Jacek Świderski: The first project that I would describe as significant for me was the Fujifilm Polska building. It was a small office building on the outskirts of Warsaw at the time, but for the years in which it was built (1992-1994, editor’s note) it was very innovative. I was part of the team that designed it, participated in the work on the detailed design and supervised its implementation. Stefan Kuryłowicz threw me in at the deep end quite soon after I started work, entrusting me with quite a lot of responsibility. It was a valuable experience. However, the first large-scale project I worked on was the Focus office building on Filtrowa Street.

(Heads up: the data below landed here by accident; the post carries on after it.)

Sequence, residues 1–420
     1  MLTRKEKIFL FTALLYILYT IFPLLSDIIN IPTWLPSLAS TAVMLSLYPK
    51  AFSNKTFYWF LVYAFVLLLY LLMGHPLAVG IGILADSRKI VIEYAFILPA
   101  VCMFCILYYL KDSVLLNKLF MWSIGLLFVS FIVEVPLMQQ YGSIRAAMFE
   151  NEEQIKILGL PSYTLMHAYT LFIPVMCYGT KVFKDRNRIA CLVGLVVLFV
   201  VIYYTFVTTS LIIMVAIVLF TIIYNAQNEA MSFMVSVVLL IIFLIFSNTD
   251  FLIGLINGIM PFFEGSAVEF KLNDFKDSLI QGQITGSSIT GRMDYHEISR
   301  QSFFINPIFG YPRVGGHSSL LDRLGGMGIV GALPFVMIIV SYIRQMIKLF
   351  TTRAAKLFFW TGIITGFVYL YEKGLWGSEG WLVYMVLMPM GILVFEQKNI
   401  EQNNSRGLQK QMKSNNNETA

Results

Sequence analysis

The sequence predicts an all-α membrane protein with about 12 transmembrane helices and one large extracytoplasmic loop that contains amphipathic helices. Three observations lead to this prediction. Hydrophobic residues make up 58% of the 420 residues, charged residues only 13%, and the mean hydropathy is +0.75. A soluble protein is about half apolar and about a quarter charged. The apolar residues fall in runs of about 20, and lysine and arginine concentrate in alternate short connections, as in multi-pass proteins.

You could say that working with Stefan Kuryłowicz shaped you.

Yes, he was my mentor, he taught me a broad view of architecture, pragmatism, decision-making skills and consistency.

Let’s talk about Warsaw as a whole. You graduated from the Faculty of Architecture at the Warsaw University of Technology in 1992. What did the centre of Warsaw look like then? How do you recall the capital’s skyline?

Since the construction of the Eastern Wall with the Palace of Culture and Science and the buildings Intraco I, Intraco II, the Marriott building or the then Forum hotel (today’s Novotel, editor’s note), the skyline of Warsaw has not changed much over the decades. I lived in the very centre, at the UN roundabout. All these buildings have accompanied me since childhood. The Marriott Hotel and Intraco were being built when I went to primary school. Intense changes in the skyline of Warsaw began only after the political changes.